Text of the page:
When toward the end of the eighteenth century the parish church of St. Giles, Cripplegate, was undergoing a general repair, parishioners requested that John Milton’s coffin be disinterred so that the exact location could be established and a monument erected to honor the parish’s most famous son. On the afternoon of Tuesday, 3 August 1790, after about five days of digging, workers unearthed a leaden coffin on the north side of the chancel beneath the common- councilmen’s pew. Based on the coffin’s position and apparent age, church officials concluded that the grave probably belonged to Milton, and the churchwarden John Coles ordered the ground to be closed.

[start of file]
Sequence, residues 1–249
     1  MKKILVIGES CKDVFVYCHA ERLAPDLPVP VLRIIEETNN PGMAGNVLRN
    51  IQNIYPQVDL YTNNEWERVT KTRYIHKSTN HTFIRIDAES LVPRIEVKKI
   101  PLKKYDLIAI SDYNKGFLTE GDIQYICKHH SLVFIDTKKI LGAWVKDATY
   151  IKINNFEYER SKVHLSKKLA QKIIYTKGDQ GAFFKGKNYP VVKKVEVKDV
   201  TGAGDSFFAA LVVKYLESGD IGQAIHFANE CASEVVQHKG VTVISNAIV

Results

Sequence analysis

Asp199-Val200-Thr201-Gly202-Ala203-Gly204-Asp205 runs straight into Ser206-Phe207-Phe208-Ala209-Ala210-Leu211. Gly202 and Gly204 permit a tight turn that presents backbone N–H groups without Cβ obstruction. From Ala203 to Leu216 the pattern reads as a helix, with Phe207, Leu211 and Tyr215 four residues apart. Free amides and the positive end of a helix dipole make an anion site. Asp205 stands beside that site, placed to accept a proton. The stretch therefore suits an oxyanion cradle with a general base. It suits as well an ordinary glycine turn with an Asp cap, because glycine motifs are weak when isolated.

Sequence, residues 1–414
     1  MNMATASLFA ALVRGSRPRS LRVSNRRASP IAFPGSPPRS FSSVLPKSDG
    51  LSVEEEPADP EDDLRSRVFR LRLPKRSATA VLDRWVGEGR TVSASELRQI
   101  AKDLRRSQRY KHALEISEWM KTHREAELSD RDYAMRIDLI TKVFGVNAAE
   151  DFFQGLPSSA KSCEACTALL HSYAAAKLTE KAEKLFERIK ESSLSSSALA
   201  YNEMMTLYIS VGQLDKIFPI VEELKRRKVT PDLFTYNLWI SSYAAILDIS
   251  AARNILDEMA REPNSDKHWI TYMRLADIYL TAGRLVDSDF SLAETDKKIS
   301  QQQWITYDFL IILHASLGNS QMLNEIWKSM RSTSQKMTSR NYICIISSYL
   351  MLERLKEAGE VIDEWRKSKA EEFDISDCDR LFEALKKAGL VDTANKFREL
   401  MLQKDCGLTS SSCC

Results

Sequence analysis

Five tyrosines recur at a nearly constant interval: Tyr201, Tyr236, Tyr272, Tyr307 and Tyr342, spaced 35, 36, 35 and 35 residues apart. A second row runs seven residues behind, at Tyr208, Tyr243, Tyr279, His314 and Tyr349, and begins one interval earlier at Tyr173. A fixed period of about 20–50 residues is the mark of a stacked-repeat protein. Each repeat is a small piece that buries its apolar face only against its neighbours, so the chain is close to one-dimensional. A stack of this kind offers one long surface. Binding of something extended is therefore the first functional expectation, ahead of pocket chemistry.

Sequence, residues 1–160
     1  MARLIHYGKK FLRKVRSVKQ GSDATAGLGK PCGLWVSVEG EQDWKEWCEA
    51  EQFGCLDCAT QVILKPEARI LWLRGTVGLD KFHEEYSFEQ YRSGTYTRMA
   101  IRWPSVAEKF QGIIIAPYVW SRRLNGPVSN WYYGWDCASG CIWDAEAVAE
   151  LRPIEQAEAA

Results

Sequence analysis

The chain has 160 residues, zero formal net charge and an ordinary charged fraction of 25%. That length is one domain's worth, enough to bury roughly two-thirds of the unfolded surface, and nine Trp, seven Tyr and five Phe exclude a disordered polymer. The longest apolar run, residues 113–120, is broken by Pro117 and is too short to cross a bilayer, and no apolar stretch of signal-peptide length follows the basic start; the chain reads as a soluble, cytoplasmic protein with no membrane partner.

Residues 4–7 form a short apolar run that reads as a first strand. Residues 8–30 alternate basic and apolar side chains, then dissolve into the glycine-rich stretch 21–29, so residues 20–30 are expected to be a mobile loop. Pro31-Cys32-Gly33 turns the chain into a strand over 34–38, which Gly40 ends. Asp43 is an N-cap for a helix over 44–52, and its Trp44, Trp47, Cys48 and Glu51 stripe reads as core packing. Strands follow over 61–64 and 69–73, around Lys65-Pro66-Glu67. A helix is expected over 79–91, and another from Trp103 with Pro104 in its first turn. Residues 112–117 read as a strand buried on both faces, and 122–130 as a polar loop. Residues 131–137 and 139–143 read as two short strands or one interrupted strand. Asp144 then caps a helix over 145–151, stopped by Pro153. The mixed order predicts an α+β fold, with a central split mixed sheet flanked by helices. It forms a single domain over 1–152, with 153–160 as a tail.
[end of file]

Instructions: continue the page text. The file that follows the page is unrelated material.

Coles, however, must have had some nagging doubts or a morbid curiosity because the next morning he changed his mind. After reportedly keeping a “merry-meeting” at the home of a nearby tavern owner, Coles led a group of men back to the grave site, where one parishioner used a mallet and chisel to break the coffin’s lid. Reading Philip Neve’s contemporary account of what happened next, we may be reminded of “the rout,” as Milton describes it in Lycidas, “that made the hideous roar” and dismembered Orpheus (line 61). Neve himself calls it a “most sacrilegious scene.” Parishioners began rifling through the coffin’s remains and snatching up the corpse’s relics – teeth, a rib, and clumps of hair.